|Canada Pension Plan (CPP)|
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Definition of Canada Pension Plan (CPP)
Canada Pension Plan (CPP)
A plan that provides retirement and long term disability income benefits to residents of Canadian provinces (excluding Quebec).
A retirement plan set up by an employer, into which employees can
A retirement plan similar to a 401k plan, except that it is designed
A budgeting process using summary-level information to
A plan by U.S. Treasury Secretary James Baker under which 15 principal middle-income debtor
A flexible benefits plan authorized under the Internal Revenue
cash or nontaxable benefits
A bond issued each year by the federal government. These bonds can be cashed in at any time for their full face value.
Under ERISA, the firm is liable to the plan participants for up to 39% of the net
Financial planning conducted by a firm that encompasses preparation of both
A pension plan in which the sponsor agrees to make specified dollar payments to
A pension plan that pays out a predetermined dollar
A pension plan in which the sponsor is responsible only for making specified
A qualified retirement plan under which the employer
Automatic reinvestment of shareholder dividends in more shares of a
A plan that an employer creates on behalf of its
Employee stock ownership plan (ESOP)
A company contributes to a trust fund that buys stock on behalf of
Employee Stock Ownership Plan (ESOP)
a profit-sharing compensation program in which investments are made in
Employee Stock Ownership Plan (ESOP)
A fund containing company stock and owned by employees, paid for by ongoing contributions by the employer.
enterprise resource planning (ERP) system
a packaged software program that allows a company to
Enterprise resource planning system
A computer system used to manage all company
An insurance program designed to provide funds for insured's dependents upon death of the insured, and to also conserve, as much as possible, the personal assets that the insured wants to bequeath to heirs.
A financial blueprint for the financial future of a firm.
The process of evaluating the investing and financing options available to a firm. It
Arrangement used to finance inventory. A finance company buys the inventory, which is then
Hourly Rate Plan
A method for calculating wages for hourly employees that involves
Defined benefit pension plans that are guaranteed by life insurance products. Related: noninsured plans
Insured Retirement Plan
This is a recently coined phrase describing the concept of using Universal Life Insurance to tax shelter earnings which can be used to generate tax-free income in retirement. The concept has been described by some as "the most effective tax-neutralization strategy that exists in canada today."
The movement of inventory from one company location to
Long-term financial plan
Financial plan covering two or more years of future operations.
Manufacturing resource planning
An integrated, computerized system for planning
manufacturing resource planning (MRP II)
a fully integrated materials requirement planning system that involves
Manufacturing resource planning (MRP II)
An expansion of the material requirements planning concept, with additional computer-based capabilities in the areas of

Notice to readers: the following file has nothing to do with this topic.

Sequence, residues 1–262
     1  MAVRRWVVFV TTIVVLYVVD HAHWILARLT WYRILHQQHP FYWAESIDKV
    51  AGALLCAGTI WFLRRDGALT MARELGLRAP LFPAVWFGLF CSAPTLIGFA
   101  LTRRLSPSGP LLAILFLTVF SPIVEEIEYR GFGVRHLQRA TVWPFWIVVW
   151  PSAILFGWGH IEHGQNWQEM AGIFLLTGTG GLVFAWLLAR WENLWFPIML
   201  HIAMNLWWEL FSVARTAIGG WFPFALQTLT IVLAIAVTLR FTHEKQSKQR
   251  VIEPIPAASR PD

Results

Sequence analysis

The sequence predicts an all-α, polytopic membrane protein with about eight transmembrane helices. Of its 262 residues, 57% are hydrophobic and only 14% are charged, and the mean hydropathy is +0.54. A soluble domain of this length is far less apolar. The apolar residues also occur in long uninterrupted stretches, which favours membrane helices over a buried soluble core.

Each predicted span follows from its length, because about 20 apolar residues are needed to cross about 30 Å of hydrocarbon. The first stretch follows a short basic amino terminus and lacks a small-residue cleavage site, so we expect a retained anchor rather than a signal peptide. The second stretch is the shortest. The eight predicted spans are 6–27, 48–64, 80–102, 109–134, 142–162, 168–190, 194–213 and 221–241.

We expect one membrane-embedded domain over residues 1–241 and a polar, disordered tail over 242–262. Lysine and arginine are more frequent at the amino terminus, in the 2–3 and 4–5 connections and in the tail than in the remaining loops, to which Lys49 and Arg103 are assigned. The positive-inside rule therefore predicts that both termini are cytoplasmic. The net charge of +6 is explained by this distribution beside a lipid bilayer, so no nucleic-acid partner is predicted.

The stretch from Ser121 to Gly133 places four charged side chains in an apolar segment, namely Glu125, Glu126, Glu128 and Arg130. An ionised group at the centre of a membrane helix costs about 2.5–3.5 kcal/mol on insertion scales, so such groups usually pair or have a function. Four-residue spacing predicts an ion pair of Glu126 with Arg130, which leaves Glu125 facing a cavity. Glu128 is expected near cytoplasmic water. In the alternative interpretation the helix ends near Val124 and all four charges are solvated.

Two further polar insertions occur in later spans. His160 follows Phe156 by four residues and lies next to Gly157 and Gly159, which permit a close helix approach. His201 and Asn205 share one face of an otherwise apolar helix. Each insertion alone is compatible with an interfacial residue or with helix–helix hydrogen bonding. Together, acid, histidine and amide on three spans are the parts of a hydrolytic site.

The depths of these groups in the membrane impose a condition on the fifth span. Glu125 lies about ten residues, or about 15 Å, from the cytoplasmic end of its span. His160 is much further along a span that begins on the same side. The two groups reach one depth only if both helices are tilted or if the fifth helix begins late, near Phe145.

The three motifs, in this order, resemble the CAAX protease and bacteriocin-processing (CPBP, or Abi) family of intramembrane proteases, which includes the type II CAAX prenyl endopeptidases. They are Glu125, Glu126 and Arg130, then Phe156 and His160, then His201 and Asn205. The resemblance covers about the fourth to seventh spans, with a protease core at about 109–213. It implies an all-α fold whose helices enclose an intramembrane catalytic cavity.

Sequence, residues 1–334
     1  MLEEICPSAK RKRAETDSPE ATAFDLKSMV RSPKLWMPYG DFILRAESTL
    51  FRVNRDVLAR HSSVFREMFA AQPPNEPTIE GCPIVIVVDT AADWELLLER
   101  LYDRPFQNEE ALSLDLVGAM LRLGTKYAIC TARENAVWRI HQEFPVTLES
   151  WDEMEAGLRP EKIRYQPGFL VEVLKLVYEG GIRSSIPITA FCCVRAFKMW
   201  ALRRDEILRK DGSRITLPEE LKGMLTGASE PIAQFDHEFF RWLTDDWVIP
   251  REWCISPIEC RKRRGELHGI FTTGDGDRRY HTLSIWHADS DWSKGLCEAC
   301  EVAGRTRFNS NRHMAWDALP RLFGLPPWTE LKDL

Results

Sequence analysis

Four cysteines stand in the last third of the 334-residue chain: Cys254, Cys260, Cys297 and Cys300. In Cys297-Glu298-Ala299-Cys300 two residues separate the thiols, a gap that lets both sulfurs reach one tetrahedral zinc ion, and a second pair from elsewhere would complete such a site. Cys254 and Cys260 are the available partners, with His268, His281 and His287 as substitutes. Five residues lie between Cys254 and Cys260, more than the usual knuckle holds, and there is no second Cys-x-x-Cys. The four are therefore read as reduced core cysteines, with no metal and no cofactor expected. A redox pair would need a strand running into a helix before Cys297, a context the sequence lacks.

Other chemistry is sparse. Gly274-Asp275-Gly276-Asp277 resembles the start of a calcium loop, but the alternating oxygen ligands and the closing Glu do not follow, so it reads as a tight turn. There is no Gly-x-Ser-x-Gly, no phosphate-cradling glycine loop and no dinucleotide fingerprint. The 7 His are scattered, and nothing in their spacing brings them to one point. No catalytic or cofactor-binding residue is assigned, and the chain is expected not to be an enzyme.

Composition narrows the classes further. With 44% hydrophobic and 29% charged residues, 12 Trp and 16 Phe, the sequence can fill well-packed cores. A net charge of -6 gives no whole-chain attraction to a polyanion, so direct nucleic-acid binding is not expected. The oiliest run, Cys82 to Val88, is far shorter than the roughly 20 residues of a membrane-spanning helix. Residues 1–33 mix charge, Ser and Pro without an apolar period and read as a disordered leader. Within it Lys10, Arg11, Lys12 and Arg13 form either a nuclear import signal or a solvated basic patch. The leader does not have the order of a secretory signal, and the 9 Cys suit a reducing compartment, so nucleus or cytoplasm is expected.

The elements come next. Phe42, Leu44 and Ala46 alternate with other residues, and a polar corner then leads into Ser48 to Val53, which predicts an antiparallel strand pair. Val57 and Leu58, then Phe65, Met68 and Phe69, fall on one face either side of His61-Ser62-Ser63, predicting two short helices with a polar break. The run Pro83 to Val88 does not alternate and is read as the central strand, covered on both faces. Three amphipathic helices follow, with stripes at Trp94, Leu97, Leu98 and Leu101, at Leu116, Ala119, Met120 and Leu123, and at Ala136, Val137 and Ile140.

Material requirements planning
A computerized system used to calculate material
Material requirements planning (MRP)
A computer-driven production methodology
Materials requirement planning
Computer-based systems that plan backward from the production schedule
materials requirements planning (MRP)
a computerbased information system that simulates the ordering and
Money purchase plan
A defined benefit contribution plan in which the participant contributes some part and
Defined benefit pension plans that are not guaranteed by life insurance products. Related:
Nonqualified Retirement Plan
A pension plan that does not follow ERISA and
a formulation of the details of implementing
Overfunded pension plan
A pension plan that has a positive surplus (i.e., assets exceed liabilities).
Pension Benefit Guaranty Corporation (PBGC)
A federal agency that insures the vested benefits of
Assets used to pay the pensions of retirees. An investment institution established to manage the assets used to pay the pensions of retirees.
A fund that is established for the payment of retirement benefits.
A formal agreement between an entity and its employees, whereby the
Organizations that have established a pension plan.
Piece Rate Plan
A wage calculation method based on the number of units of production
Plan for reorganization
A plan for reorganizing a firm during the Chapter 11 bankruptcy process.
The entities that establish pension plans, including private business entities acting for their
Planned amortization class CMO
1) One class of CMO that carries the most stable cash flows and the
Planned capital expenditure program
Capital expenditure program as outlined in the corporate financial plan.
Planned financing program
Program of short-term and long-term financing as outlined in the corporate
the process of creating the goals and objectives for
The length of time a model projects into the future.
Time horizon for a financial plan.
Planning, programming and budgeting system (PPBS)
A method of budgeting in which budgets are allocated to projects or programmes rather than to responsibility centres.
Plant and Equipment
Buildings and machines that firms use to produce output.
Profit Sharing Plan
A retirement plan generally funded by a percentage of company
property, plant, and equipment
This label is generally used in financial
Property, plant, and equipment